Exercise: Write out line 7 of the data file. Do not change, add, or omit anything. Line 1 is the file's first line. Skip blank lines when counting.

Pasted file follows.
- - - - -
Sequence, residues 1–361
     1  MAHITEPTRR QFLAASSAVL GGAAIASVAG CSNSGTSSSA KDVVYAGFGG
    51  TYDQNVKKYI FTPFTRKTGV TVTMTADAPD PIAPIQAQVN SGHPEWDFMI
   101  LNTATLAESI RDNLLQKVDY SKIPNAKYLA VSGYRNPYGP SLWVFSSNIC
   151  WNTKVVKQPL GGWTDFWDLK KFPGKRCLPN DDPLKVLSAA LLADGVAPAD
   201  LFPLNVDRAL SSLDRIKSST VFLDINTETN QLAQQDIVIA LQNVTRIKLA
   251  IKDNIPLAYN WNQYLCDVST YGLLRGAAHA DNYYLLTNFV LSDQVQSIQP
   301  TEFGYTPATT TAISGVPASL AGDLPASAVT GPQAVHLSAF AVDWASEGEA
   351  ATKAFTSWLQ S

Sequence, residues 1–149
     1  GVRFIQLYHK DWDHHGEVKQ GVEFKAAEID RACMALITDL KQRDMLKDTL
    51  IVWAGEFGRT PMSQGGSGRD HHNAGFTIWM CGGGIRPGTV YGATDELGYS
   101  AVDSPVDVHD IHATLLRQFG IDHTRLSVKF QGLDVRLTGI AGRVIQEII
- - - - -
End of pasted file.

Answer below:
   251  IKDNIPLAYN WNQYLCDVST YGLLRGAAHA DNYYLLTNFV LSDQVQSIQP